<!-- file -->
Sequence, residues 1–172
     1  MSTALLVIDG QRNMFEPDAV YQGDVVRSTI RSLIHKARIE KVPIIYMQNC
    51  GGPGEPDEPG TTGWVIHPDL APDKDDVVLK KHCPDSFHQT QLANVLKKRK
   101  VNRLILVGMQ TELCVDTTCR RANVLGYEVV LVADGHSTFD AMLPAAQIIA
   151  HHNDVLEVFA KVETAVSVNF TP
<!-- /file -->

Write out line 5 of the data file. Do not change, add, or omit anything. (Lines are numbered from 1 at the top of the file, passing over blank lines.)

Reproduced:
   151  HHNDVLEVFA KVETAVSVNF TP